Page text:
Avalanche buries skier on event eve
Sundberg dug out of slide
Despite a Wednesday morning avalanche that partially buried the event’s co-coordinator and an insurance snafu delaying the Haines Borough’s issuance of a permit, the Freeride World Tour will go on, organizers said.
Southeast Alaska Backcountry Adventures co-owner Scott Sundberg, 40, was partially buried by an avalanche in the Telemark Ridge area of the Kicking Horse drainage around 11:35 a.m. Wednesday.
According to state troopers, Sundberg’s head was buried beneath the snow and part of his body was exposed. Rescue personnel quickly located Sundberg and recovered him from the snow, at which time he regained consciousness and was breathing, troopers said.
Sundberg was taken to the Haines clinic for evaluation but suffered “no injuries,” according to a brief SEABA press release signed by co-owner Nick Trimble. Sundberg deployed an avalanche airbag he was wearing, Trimble said.
Five international and local guides, including Sundberg, were assessing snow conditions for the Freeride World Tour’s upcoming free-skiing event when the avalanche occurred. Troopers said Sundberg performed a “hard carve” while skiing, triggering the slide.
Southeast Alaska Backcountry Adventures is partnered with Freeride World Tour for the international skiing and snowboarding event, which will feature 36 top athletes from around the world.
Freeride World Tour general manager Nicolas Hale-Woods was with Sundberg when the avalanche occurred. Hale-Woods and the other guides were a safe distance away from where the “small to medium” avalanche was triggered, he said.
“Everybody on the field was in a position to see most (parts) of it,” Hale-Woods said. “We were in a safe place when that happened and could react quickly.”
Within minutes, Sundberg was in a helicopter and a couple of hours later, Sundberg was in the SEABA office taking part in the safety debriefing, Hale-Woods said.
Hale-Woods declined to say how far Sundberg fell and characterized the accident in positive terms.
“The whole point of this (safety inspection) exercise is to prepare the rescue crew,” he said. “The whole security and rescue procedure went really well.”
Hale-Woods said Sundberg’s use of the avalanche airbag played a key role in his rescue. Airbags are inflatable backpacks deployed with a ripcord that keep skiers on top of avalanches, preventing or minimizing burial.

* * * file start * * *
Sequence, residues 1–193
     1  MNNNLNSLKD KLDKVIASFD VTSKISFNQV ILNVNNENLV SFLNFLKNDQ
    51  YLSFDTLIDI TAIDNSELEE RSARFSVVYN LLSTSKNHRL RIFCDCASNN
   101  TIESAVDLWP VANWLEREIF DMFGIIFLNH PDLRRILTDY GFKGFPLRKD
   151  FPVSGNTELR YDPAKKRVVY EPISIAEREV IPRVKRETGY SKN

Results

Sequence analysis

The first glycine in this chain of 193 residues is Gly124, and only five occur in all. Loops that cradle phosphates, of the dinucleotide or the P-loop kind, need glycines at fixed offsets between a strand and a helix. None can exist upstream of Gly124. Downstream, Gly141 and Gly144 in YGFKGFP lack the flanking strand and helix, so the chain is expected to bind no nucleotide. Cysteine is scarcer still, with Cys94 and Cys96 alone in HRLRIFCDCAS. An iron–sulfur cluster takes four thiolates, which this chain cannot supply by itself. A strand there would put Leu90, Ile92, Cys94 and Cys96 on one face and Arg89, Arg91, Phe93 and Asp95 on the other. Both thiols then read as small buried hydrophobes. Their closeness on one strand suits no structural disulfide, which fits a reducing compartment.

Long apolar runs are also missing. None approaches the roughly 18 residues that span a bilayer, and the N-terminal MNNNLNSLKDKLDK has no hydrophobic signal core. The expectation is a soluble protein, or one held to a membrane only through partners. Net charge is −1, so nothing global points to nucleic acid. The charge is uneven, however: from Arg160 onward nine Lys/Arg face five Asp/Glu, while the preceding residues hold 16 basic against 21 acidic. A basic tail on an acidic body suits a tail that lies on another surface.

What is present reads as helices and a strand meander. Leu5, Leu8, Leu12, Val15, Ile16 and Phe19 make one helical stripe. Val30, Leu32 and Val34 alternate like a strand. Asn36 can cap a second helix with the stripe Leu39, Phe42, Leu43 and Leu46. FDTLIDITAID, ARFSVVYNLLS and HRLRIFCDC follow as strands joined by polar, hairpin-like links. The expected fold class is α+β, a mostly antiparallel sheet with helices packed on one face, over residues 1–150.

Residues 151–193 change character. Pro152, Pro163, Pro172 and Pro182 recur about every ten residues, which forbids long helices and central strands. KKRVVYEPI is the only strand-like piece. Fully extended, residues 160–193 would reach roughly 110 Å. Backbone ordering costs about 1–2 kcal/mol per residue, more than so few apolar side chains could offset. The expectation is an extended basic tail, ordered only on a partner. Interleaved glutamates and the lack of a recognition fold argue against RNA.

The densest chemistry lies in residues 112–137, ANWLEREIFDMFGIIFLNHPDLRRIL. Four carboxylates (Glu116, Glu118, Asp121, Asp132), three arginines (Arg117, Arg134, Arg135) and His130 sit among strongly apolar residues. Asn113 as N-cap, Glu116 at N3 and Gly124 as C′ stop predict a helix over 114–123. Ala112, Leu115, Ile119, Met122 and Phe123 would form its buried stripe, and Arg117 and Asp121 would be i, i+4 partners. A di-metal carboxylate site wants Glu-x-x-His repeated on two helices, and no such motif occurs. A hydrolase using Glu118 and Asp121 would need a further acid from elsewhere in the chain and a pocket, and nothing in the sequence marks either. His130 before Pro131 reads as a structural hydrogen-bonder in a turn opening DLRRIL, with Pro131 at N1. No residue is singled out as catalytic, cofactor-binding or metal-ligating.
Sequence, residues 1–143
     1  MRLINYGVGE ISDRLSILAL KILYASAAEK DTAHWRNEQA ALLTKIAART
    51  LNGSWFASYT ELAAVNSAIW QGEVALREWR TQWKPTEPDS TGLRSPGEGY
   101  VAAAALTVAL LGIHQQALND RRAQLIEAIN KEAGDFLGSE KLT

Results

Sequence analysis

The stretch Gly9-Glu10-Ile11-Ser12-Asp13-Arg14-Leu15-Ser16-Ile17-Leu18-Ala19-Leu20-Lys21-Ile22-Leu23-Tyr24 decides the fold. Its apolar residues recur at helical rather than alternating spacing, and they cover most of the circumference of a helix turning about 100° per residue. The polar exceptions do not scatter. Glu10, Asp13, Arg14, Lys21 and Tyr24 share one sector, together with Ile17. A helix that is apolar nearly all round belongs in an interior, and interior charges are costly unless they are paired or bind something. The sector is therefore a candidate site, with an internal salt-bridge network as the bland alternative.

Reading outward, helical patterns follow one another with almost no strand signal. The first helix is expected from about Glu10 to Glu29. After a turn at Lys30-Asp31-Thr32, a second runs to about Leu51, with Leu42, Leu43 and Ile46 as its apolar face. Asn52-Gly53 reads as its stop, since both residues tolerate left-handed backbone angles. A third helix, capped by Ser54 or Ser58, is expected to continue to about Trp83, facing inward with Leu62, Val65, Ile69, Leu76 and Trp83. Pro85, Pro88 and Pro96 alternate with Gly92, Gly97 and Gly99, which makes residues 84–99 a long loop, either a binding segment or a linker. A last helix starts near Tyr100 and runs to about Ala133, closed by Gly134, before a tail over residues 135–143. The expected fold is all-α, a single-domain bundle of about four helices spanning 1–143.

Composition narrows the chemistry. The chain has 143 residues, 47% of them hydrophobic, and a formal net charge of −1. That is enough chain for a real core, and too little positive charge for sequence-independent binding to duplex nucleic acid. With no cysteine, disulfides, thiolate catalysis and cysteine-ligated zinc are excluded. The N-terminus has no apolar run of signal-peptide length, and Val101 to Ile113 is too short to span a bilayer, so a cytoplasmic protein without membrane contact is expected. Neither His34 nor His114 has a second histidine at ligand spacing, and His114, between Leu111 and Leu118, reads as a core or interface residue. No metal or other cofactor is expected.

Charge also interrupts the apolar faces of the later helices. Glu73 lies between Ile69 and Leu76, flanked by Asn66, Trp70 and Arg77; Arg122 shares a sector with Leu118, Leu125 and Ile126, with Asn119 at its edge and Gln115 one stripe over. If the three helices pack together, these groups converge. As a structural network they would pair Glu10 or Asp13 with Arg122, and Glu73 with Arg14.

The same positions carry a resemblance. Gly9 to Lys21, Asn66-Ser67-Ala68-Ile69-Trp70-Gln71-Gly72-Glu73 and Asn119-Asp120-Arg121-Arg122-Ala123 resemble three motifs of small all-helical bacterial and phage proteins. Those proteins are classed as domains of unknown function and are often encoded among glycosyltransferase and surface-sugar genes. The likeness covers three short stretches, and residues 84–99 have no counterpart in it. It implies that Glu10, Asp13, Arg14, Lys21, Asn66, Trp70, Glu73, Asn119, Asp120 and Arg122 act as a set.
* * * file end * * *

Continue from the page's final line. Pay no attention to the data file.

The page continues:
“Athletes (competing in the Freeride World Tour) will have exactly the same gear: avalanche beacon, shovel and probe, airbag, back protection and helmet. This is one of the key points in this type of competition,” Hale-Woods said.
Hale-Woods said the accident hasn’t given him second thoughts about pushing forward with the event. “It’s not ordinary, but it happens in mountains, especially when you are in the mountains a high number of days during the season, it does happen,” Hale-Woods said.
Guides will be scouting out other potential venues for the event, in case conditions in the Telemark Ridge area remain unstable over the next several days.
“Should one of these venues not work, often we find one that works, and today it is impossible to say where and when the event will happen,” Hale-Woods said.
The Freeride World Tour has a weather window from Saturday until Sunday, March 22, to hold the event. “We have to work according to what Mother Nature presents,” Hale-Woods said. “The good news is there is good snow out there, and there are windows in the coming days.”
Haines Avalanche Information Center director Erik Stevens said recent conditions have been moderate, with little wind. A storm moving into the area Wednesday night was expected to change conditions, Stevens said.
“General stability will be decreasing with new snow,” Stevens said.
The avalanche wasn’t the only hiccup in operations that threatened the event. As of press time Wednesday, Freeride World Tour hadn’t secured its borough permit for the event, said borough manager David Sosa.
The issue concerns the Freeride World Tour’s insurance coverage, said tourism director Leslie Ross. The tour’s coverage is under SEABA, and the companies are considering two insurance quotes and intended to sign the paperwork by Thursday, March 12.
“It is true they cannot hold the event without insurance, however that scenario is extremely unlikely and we should see everything finalized today or tomorrow,” Ross said Wednesday.
“Usually these events are held at a resort where the insurance is covered by the resort. This has been a new situation for Freeride World Tour and one that proved more complicated than they anticipated,” Ross said.
Ross met with Hale-Woods Tuesday to discuss the issue.
“He discussed the fact that this is a first for their organization to have this sort of paperwork pushed to the time limit, and it is not their normal or preferred mode of operation. However, they are not concerned and are confident everything will happen today or tomorrow. Freeride World Tour at this point has thousands and thousands of dollars invested in Haines and this competition and will see to it that this event occurs – and legally with insurance,” she said.
Trooper spokesperson Megan Peters said troopers will not be investigating the avalanche, as the agency has limited resources and the accident wasn’t fatal.
“This isn’t something that is under investigation. It’s a medical assist and now that the person is recovered and okay, there is nothing for us to investigate because we investigate criminal matters,” Peters said.